You've got teams that have been down in the dumps now among the best in baseball; the Houston Astros and the Kansas City Royals (who in June 2014 when THC saw them play at home looked like a AAA team). And in the last month two other downtrodden teams have caught fire - the Cubs and the Mets.
The Pirates aren't leading their division but have a stronger team than the past two years when they've made the playoffs as a wild card team. Which brings us to the team they are trying to catch - the St Louis Cardinals who have the best record in baseball. The question is why? Their lineup is good but not great and they've got decent, but not overwhelming pitching, particularly after losing their ace, Adam Wainwright to an Achilles tendon injury in April.
The Cardinals starters:
Over at Grantland, Ben Lindbergh takes a look at the puzzle and comes to some surprising conclusions. It's all about the pitching. The Cards staff has an ERA of 2.60 which as of now would be the lowest in the majors since 1972. But it's not because they are giving up dramatically fewer hits than their opponents; it's that they are historically good in preventing runners from scoring once they get on base - giving up somewhere between 60 and 85 fewer runs than expected given the number of hits and walks they give up; an enormous differential in baseball terms.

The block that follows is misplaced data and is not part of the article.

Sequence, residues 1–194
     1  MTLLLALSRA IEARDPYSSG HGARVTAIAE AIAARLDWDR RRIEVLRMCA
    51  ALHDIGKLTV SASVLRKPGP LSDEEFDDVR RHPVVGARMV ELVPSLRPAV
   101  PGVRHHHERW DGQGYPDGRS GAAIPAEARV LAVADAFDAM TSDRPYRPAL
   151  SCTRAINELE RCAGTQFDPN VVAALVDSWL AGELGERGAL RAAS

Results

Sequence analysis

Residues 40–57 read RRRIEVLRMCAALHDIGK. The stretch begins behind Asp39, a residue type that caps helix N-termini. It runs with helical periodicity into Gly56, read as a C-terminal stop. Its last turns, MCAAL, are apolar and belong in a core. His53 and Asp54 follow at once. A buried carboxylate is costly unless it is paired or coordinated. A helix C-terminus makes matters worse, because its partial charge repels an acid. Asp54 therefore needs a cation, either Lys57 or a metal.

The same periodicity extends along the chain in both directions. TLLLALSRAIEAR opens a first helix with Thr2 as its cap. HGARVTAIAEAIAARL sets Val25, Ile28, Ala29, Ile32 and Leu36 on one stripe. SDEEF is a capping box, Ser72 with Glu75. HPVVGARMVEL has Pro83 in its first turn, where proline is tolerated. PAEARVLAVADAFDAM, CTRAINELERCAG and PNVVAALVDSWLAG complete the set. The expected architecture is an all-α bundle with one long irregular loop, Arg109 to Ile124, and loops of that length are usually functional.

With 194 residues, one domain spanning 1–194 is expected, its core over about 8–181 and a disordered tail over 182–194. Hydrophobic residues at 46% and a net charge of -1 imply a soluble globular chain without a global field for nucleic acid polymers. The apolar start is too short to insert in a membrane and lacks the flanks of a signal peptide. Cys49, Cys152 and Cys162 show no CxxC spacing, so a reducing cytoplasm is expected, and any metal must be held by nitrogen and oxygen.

The Cardinals relievers:
Lindbergh shows that the major league average performance is that with runners on base, OPS (on-base % + slugging) is about 40 points higher with men on base or with runners in scoring position (on 2nd or 3rd). The Cards pitchers allow an OPS in those situation that is more than 100 points lower than average. Lindbergh shows us the data and concludes:
With runners in scoring position, St. Louis has allowed fewer hard batted balls, made evident by a lower line drive rate, a higher percentage of popups, and (in part because of the popups) fewer fly balls going over the fence.And, as Lindbergh notes, the sample size is now huge, more than two thirds of the season so it does not appear to be chance.
The next question is why is their clutch pitching so much better than expected and here Lindbergh poses several possibilities all of which he convincingly rejects for lack of evidence: they're better at inducing doubleplays; they throw harder in the clutch; they optimize pitch selection and location; they hold runners better.
So, for now, let's just sit back and enjoy an historic performance.